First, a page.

Resistance in the republic of fear

Columnist  | Anand K Sahay

Opinion, Oped

We seem to be getting back to the time when the RSS-BJP used to plead with the country not to practise “political untouchability” against it.

The manner in which the BJP has been run by the Narendra Modi-Amit Shah duo, the party has slowly begun to isolate itself from other political parties, including its own alliance partners. (Photo: PTI)

Unlike any other government that preceded it, the Narendra Modi regime has had the temerity to treat India as a plaything, and the country is resisting. This is why Modi raj is likely to go out in a dust-haze of infamy. After the Gujarat election late last year, signs of the downfall have been gathering force.

The tricks of the plutocracy now appear to work less and less. In the face of every odd, Ahmad Patel’s election to the Rajya Sabha before the Gujarat Assembly polls had exposed the limits of money power summoned by the devious. This was confirmed in the recent Karnataka state election when not a single Congress or JD(S) MLA switched sides. The lotus wilted that day.

Karnataka’s BJP leader had asked the governor for seven days to prove his strength in the House, but the governor gave him 15. The hand of the regime was etched large on the blatant and disgraceful plan to manipulate, or the governor — an old faithful from Gujarat — wouldn’t have dared. The Supreme Court convened at 2 am to nip the mischief in the bud.

The manner in which the BJP has been run by the Narendra Modi-Amit Shah duo, the party has slowly begun to isolate itself from other political parties, including its own alliance partners. Voters too seem to be giving it the cold shoulder. The BJP’s voting percentages are dropping. Soon only a tight knot of the RSS faithful is likely to remain, not much else.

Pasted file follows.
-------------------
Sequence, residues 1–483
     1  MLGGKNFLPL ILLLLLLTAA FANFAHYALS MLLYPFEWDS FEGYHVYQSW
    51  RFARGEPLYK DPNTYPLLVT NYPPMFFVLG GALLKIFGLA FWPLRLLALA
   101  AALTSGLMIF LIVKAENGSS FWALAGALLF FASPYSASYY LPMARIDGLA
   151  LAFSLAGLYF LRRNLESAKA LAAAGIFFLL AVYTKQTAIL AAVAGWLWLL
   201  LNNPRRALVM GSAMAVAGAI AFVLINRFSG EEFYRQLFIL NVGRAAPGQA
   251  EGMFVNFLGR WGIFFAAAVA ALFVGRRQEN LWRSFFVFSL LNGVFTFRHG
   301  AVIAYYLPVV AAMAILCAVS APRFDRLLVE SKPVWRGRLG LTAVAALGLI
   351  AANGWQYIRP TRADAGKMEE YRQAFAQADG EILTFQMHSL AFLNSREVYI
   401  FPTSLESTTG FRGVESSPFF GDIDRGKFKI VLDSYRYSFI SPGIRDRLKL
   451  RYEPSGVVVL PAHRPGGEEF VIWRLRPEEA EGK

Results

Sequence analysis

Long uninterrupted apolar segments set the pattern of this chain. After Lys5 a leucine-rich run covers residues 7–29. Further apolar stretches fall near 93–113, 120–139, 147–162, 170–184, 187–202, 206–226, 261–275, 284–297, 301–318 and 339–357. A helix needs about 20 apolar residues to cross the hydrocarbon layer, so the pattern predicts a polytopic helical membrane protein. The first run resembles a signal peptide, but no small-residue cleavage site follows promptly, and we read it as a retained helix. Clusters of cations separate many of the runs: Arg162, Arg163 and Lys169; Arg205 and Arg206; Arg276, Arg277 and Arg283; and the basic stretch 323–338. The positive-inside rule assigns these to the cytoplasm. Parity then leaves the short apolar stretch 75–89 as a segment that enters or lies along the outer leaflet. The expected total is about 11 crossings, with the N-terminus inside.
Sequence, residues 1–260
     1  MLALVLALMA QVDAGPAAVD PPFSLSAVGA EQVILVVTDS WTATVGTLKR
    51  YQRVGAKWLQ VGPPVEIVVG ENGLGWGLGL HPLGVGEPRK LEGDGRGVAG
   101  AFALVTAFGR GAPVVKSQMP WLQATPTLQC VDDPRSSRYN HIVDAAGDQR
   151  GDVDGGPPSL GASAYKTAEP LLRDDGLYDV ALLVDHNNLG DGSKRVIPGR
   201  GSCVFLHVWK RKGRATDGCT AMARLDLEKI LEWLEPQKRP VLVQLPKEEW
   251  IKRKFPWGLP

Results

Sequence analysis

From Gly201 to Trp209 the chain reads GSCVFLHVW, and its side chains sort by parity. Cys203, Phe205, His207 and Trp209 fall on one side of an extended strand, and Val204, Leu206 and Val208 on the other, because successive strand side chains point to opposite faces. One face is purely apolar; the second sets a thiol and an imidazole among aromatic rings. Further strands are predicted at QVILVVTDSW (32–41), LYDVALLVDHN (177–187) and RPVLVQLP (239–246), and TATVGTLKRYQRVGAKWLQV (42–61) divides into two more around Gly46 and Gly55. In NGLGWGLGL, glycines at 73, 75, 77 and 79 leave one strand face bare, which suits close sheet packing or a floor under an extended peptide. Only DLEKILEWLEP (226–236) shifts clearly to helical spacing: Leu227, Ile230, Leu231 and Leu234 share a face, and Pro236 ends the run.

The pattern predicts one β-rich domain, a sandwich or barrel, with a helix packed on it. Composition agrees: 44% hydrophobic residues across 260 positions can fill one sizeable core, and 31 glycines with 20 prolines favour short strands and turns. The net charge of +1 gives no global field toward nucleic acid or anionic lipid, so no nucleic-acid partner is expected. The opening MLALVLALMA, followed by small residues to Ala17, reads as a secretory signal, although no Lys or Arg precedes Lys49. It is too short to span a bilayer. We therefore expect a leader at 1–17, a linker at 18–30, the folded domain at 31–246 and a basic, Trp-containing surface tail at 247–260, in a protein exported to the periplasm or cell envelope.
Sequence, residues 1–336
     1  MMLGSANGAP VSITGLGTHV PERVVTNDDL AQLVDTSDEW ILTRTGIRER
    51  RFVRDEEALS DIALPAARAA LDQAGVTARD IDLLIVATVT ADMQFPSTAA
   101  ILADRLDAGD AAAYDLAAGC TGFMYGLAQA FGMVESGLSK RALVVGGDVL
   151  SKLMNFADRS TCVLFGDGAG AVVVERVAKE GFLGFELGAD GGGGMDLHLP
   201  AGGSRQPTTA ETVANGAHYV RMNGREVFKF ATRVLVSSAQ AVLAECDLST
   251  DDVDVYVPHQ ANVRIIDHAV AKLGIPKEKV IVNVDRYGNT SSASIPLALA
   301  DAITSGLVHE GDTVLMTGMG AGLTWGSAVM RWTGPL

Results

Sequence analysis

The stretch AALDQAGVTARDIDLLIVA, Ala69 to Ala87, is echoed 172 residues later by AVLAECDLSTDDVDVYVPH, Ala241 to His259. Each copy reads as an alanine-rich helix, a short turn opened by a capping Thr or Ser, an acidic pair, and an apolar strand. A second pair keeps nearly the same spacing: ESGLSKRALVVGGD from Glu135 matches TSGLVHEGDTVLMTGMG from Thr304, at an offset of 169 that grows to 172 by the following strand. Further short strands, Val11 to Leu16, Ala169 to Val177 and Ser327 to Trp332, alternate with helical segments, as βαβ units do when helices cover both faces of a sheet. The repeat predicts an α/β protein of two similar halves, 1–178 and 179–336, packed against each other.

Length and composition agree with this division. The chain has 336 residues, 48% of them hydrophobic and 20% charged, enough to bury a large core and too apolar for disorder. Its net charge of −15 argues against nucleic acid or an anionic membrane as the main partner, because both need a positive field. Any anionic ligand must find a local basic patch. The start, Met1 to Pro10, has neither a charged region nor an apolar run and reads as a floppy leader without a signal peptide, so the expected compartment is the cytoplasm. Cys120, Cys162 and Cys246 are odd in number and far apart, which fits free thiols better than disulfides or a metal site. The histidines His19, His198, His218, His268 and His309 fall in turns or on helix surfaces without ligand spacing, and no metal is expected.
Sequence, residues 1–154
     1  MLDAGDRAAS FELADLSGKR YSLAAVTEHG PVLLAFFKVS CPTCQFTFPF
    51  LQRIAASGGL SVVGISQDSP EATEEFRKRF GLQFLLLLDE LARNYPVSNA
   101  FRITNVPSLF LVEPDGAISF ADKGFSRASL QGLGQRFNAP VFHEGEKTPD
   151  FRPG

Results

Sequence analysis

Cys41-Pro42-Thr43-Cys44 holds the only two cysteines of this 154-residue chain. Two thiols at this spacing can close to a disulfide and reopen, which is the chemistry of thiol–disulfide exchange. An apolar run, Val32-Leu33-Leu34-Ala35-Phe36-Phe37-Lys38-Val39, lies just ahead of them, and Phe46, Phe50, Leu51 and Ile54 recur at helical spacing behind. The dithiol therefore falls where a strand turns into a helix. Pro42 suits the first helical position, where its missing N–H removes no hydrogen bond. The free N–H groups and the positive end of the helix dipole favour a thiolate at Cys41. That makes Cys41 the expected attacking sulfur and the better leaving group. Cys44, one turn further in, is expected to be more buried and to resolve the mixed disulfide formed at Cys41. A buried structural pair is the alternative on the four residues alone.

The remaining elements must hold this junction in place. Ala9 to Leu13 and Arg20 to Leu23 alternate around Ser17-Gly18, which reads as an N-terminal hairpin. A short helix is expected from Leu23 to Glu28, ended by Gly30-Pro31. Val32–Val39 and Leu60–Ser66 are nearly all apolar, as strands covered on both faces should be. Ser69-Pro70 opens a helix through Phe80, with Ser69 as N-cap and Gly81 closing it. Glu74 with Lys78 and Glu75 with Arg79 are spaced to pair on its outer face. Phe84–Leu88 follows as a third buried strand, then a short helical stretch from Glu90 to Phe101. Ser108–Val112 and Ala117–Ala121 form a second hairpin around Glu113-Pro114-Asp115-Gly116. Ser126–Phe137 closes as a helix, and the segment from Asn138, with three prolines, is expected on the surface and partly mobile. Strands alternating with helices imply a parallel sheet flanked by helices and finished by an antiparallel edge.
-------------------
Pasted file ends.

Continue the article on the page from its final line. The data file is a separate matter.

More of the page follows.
We seem to be getting back to the time when the RSS-BJP used to plead with the country not to practise “political untouchability” against it. People gave them more than one chance to demonstrate that the BJP was “a party with a difference”, as it loudly claimed.

Since the Atal Behari Vajpayee government had many stakeholders (it was a coalition of as many as 24 parties at one stage), the people gave Mr Modi a clear majority of his own in Parliament so that he may give governance a good shot, but are ruing their mistake.

Now the main worry of the people seems to be how best to get the monkey off their back, and they are looking for direct and open political ways to achieve this end. They are making the democratic Opposition move in the direction of joint action against the regime.

It is a shame how things have gone on PM Modi’s watch. In order to entice the people so that they may elect him as leader with adequate strength in Parliament, the RSS’ chosen man promised stability and development for all. What he has delivered is the opposite.

It is no exaggeration to suggest that the present government — unlike any in the past — has unleashed anarchy. If the government had gone into the hands of the Naxalite bands, it is unlikely that greater chaos may have prevailed.

The Modi government has promoted social disorder and enmity among sections of Indians through its attitude of malign indifference when resort to violence has been taken by roaming gangs of Mr Modi’s and Mr Shah’s ideological kind in various parts of the country, especially where their party is either in power or in a situation of influence.

Indeed, on social media the PM has been reported to “follow” those with criminal intent who in the name of religion have plotted murder, and has not heeded calls to “unfollow” these unsavoury types. Armies of thousands of Hindutva thugs have been unleashed on social media in controlled fashion in order to intimidate critics of the regime, among them politicians and journalists.